10. by   talaxandra
    Real life and ethical theory often inhabit different universes.
    Given that nursing codes of ethics are formulated by nurse academics, are we really surprised that they are untenable to put in to practice? I submit for your attention the more... interesting NANDA diagnoses, half a dozen nursing theories (including nursing ethics of care), and the ever growing mounds of irrelevent paperwork.
  11. by   llg
    I think you are all being to harsh in your judgments. Ethical statements are written for the purpose of stating general principles that should be used to guide actions -- not as descriptions of actual working conditions. To equate the two is "comparing apples to oranges."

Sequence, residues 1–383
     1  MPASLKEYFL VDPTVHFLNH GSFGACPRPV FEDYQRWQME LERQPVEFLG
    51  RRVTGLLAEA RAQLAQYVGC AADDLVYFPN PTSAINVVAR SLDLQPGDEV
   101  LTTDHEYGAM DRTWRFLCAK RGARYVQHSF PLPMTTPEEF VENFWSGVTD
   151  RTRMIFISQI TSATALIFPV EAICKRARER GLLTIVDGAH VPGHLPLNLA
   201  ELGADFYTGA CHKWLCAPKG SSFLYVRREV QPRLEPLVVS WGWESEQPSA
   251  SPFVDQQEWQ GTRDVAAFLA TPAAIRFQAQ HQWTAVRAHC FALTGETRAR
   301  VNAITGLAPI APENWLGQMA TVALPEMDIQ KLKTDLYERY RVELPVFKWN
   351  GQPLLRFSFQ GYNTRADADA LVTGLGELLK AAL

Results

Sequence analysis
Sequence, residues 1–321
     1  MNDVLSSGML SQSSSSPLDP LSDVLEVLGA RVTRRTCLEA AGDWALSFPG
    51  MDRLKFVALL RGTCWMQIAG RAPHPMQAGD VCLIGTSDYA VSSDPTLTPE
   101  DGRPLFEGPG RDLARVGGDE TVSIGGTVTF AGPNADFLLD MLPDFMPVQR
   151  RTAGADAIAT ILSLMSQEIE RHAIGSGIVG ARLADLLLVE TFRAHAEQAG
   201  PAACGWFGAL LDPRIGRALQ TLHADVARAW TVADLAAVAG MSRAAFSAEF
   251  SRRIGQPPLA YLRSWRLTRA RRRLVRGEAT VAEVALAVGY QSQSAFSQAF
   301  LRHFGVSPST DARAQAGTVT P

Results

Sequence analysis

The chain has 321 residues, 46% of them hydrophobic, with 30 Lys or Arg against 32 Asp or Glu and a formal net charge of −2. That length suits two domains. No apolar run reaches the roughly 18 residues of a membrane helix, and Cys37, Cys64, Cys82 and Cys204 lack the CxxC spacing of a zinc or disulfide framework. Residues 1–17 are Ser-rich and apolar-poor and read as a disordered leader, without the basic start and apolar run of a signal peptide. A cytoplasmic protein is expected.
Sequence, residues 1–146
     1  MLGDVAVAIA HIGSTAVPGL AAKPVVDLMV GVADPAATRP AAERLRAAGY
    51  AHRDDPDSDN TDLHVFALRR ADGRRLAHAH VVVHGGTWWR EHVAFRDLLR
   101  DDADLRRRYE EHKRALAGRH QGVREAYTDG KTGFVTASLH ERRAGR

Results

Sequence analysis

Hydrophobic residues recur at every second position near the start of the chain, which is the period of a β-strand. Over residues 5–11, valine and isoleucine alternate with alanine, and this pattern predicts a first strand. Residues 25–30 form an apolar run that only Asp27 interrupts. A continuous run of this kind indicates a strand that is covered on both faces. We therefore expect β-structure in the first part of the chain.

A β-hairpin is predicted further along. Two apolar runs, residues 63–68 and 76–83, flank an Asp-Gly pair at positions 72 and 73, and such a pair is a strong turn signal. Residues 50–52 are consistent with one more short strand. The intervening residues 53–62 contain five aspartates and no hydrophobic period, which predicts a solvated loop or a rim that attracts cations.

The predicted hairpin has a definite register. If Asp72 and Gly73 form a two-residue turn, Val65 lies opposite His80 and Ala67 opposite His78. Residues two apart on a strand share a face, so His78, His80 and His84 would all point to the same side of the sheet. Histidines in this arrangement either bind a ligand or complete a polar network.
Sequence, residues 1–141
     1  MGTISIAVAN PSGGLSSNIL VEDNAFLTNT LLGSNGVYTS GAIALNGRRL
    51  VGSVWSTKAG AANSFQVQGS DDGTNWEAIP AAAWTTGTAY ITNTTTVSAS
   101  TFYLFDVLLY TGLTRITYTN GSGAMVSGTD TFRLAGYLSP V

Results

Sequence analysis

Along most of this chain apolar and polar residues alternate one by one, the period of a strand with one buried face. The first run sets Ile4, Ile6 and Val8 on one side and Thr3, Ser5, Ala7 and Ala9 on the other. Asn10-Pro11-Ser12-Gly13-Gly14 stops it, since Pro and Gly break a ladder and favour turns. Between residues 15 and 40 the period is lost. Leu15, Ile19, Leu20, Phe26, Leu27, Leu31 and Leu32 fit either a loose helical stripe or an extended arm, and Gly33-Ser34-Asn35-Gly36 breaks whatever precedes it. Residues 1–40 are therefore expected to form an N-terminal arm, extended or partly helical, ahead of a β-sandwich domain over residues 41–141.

For example, the nurse can hold herself accountable for her own actions even though the system does not give her complete autonomy. The nurse can advocate for optimal patient care even in a system that is far from perfect, etc.
  12. by   caroladybelle
    Very old thread alert
  13. by   talaxandra
    Thanks - I didn't even think to look at the date!
  14. by   Simplepleasures
    Quote from caroladybelle
    Very old thread alert
    Are ethics discussions no longer worthy?